Isle of Dogs (Review)
With his newest film Isle of Dogs, Wes Anderson creates what has become for him a routine effect; he delivers a refreshingly unique and unpredictable story experience in film. And this time he adds a couple more items: he makes a pun out of the title while probably promoting stop-motion animation to a new level of legitimacy. That he chose a near-future Japan as his setting can only make me curious. Did anime’ influence him? Old Godzilla films?
In a day and age of horror and zombie films, and movies that rely so heavily on CGI, it was a great relief to experience lower tech and more organic storytelling— which is not to suggest that the film was simple. Perhaps it was a canine version of Saving Private Ryan or a much edgier and dystopian version of Disney’s The Incredible Journey.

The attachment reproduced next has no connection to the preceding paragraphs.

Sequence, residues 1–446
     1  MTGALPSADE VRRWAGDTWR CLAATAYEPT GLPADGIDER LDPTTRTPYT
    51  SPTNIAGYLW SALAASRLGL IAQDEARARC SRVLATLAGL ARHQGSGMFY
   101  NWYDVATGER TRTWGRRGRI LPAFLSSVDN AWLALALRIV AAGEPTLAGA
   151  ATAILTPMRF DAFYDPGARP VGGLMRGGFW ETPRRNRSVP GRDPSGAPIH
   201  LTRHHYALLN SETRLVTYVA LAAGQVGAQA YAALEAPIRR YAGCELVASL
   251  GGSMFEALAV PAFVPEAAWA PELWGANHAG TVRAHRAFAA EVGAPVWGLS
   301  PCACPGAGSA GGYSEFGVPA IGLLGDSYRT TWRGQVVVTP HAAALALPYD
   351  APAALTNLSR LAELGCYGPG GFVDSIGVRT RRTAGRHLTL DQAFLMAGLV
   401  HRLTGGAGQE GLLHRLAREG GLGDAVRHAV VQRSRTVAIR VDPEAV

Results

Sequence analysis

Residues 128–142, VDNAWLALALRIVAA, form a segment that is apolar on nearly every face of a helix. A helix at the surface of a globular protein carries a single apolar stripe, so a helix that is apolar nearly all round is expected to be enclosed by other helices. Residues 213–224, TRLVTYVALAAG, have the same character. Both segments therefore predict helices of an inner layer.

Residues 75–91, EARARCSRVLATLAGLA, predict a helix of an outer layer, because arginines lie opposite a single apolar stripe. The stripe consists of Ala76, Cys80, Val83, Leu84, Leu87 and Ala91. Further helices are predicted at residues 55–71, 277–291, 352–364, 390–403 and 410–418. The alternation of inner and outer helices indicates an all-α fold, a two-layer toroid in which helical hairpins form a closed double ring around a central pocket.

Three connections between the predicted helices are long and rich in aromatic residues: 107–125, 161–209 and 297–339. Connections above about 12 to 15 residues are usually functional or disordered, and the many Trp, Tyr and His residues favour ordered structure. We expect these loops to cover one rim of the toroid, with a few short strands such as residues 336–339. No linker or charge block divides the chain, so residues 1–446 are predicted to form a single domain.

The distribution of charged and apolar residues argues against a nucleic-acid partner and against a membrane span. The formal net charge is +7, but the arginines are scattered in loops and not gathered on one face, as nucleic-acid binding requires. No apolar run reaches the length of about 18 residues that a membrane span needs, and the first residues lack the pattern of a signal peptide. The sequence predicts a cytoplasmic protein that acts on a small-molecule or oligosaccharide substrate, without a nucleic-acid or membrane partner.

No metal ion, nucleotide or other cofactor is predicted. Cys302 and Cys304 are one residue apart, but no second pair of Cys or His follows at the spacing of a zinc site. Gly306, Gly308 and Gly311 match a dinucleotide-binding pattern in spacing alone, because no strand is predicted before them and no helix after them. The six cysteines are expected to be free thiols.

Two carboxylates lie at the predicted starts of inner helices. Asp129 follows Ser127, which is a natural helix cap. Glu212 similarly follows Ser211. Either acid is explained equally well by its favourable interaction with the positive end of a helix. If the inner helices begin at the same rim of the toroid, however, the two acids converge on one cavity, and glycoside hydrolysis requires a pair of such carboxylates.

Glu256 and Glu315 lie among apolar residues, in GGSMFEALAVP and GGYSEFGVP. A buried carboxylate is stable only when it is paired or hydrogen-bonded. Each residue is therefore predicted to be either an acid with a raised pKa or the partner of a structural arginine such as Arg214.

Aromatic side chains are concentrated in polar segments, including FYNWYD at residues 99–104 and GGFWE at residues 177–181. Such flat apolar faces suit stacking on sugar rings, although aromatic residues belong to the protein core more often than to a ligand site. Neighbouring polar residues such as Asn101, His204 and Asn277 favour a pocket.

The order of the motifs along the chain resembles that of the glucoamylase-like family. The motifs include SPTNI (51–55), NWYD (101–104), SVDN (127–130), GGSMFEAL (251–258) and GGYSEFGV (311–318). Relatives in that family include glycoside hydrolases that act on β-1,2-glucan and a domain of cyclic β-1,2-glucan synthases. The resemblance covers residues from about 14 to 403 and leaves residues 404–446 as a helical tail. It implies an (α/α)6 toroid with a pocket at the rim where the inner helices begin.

What if it takes a story about the noble species canis lupus familiaris to show us how to behave. Or maybe one of the signature filmmakers of our time simply wove an entire film around a title so the author could thinly disguise his love for “man’s best friend.”
Or just forget all that.
This is a film you can watch with the kind of stillness and rapture of a kid watching a favorite cartoon, except that afterward you get to savor the idea that Wes Anderson made it because he knows how important it is to imagine and pretend and wonder.
And that he made the movie because he knew that we needed the reminder.
“Yule of it.”